I am sending you my impressions from the competition, a couple of pictures, and the story itself with which I succeeded. I know it's a little longer, but I really couldn't sum up all the wonderful emotions in just a few sentences. Thank you for your interest in hearing my opinion.
My name is Azra and I come from Srebrenik. I attend the 4th grade of high school and I am an excellent student. By the way, I'm a big "bookworm" and I consider books one of my greatest friends and interests. I've been writing since I was a child, but of course all those works were mainly works of children's imagination, poetry full of colourfulness and colours, and stories about things that I idealized at the time. As I grew up, there were many attempts and unfinished works, sparks in my eyes and disappointment because "Why can't I be as good as the others?". For the most part, my works did not come out of documents on my laptop or notebooks that have already been lost or thrown away, and even if they did see the light of day, it would be at some local event or school newspaper. All this discouraged me a lot and I thought that I should simply give up my "immature", "childish" desire to dawn somewhere outside the narrow boundaries. However, regardless of all these failures, my stubborn nature had a clear goal - I wanted to succeed as a writer, even if it took forever. I wanted the voice of my ink to be heard.
In July of this year, I came across an ad for the A Sea of Words contest. At first, I was sceptical and thought there was no point in even trying, because if I didn't succeed in my own country, how would I succeed in the entire vast Mediterranean. Of course, my curiosity and ambition went hand in hand and thus were stronger than my scepticism. I am a big feminist and activist, and I really liked the theme of the competition "Youths in the forefront for gender equality" and was the main trigger for me to apply.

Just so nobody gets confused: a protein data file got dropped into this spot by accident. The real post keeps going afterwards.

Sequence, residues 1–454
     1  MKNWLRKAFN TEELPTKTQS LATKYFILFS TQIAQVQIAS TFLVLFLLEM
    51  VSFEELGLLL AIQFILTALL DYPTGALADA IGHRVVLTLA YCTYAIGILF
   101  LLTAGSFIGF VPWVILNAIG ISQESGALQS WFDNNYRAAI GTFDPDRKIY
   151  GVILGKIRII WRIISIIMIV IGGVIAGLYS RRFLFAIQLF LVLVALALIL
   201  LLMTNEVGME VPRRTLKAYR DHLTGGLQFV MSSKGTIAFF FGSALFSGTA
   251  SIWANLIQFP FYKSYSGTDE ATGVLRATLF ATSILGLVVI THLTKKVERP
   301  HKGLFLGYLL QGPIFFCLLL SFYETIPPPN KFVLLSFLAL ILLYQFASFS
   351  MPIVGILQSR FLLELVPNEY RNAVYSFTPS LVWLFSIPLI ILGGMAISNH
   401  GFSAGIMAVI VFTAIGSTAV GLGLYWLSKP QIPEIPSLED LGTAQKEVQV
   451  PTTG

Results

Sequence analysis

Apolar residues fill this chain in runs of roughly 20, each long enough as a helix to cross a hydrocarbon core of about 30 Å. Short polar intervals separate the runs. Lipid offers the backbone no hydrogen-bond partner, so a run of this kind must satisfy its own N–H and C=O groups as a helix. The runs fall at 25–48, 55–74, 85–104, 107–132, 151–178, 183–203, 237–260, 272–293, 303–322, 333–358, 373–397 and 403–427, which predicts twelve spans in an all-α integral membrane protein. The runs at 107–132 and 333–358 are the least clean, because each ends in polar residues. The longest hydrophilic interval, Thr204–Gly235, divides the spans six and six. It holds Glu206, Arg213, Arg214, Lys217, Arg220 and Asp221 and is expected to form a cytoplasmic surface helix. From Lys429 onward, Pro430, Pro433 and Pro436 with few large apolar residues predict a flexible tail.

When I received the invitation and the notification that I was one of the 10 finalists, I don't think there was a happier person than me. I felt that the child in me who had big dreams was proud that I didn't give up.
The days in Barcelona were definitely one of the most beautiful in my life. I still can't believe that I was a part of something so wonderful, encouraging and necessary for people all over the world. In a tiny 3-4 days, I met wonderful people whose acquaintance I will cherish for the rest of my life, visited one of the world's metropolises and was what I always wanted - the scream of those whose voices are not heard. I am very proud of myself and all the people I met, because I believe that even though we are so small in this huge world, together we can do miracles. I'm grateful that they showed me how much happiness and good energy can be given to us by people we know so little, and we feel like we've known them our whole lives, and of course to the organizers who made it possible for us to come and made sure everything went perfectly. I am grateful that they proved to me that our gender, nationality, age, religion and language do not play any role in how much we weigh in this world. Maybe I didn't break out with some mega popular short story or novel, but in my eyes and soul I achieved more than I could have imagined. This gave me the wind at my back and the confidence to continue doing what makes me happiest, which is creating.
And as for Olivia and Helena... Well, I know for a fact that they are immensely proud to have contributed to something that they tirelessly fight for because, as Olivia said: You are not alone in the world even when you fall. You are the phoenix and the world is your immortal feathers."